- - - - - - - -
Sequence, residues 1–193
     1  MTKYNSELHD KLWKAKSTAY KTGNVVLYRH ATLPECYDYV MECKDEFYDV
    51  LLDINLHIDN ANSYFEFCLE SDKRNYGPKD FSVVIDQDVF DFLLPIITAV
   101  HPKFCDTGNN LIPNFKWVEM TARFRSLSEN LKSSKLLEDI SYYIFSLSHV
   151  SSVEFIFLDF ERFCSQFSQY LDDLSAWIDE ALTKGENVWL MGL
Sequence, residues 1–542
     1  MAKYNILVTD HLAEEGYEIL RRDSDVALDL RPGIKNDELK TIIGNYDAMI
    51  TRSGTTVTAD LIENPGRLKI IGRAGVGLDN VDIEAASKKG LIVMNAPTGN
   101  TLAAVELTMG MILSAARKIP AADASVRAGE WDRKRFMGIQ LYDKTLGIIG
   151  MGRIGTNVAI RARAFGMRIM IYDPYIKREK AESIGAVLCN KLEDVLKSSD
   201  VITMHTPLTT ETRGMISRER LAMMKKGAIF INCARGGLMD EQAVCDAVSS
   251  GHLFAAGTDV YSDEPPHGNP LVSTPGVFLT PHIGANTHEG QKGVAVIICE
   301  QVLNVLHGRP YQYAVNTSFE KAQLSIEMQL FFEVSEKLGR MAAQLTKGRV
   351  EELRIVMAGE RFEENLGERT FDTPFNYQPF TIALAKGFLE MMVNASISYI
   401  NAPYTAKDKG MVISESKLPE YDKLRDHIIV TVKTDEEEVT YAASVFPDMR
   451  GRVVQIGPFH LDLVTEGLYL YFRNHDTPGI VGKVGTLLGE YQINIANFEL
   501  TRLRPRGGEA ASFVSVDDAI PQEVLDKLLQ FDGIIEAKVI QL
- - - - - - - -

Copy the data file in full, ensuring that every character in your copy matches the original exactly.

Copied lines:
Sequence, residues 1–193
     1  MTKYNSELHD KLWKAKSTAY KTGNVVLYRH ATLPECYDYV MECKDEFYDV
    51  LLDINLHIDN ANSYFEFCLE SDKRNYGPKD FSVVIDQDVF DFLLPIITAV
   101  HPKFCDTGNN LIPNFKWVEM TARFRSLSEN LKSSKLLEDI SYYIFSLSHV
   151  SSVEFIFLDF ERFCSQFSQY LDDLSAWIDE ALTKGENVWL MGL
Sequence, residues 1–542
     1  MAKYNILVTD HLAEEGYEIL RRDSDVALDL RPGIKNDELK TIIGNYDAMI
    51  TRSGTTVTAD LIENPGRLKI IGRAGVGLDN VDIEAASKKG LIVMNAPTGN
   101  TLAAVELTMG MILSAARKIP AADASVRAGE WDRKRFMGIQ LYDKTLGIIG
   151  MGRIGTNVAI RARAFGMRIM IYDPYIKREK AESIGAVLCN KLEDVLKSSD
   201  VITMHTPLTT ETRGMISRER LAMMKKGAIF INCARGGLMD EQAVCDAVSS
   251  GHLFAAGTDV YSDEPPHGNP LVSTPGVFLT PHIGANTHEG QKGVAVIICE
   301  QVLNVLHGRP YQYAVNTSFE KAQLSIEMQL FFEVSEKLGR MAAQLTKGRV
   351  EELRIVMAGE RFEENLGERT FDTPFNYQPF TIALAKGFLE MMVNASISYI
   401  NAPYTAKDKG MVISESKLPE YDKLRDHIIV TVKTDEEEVT YAASVFPDMR
   451  GRVVQIGPFH LDLVTEGLYL YFRNHDTPGI VGKVGTLLGE YQINIANFEL
   501  TRLRPRGGEA ASFVSVDDAI PQEVLDKLLQ FDGIIEAKVI QL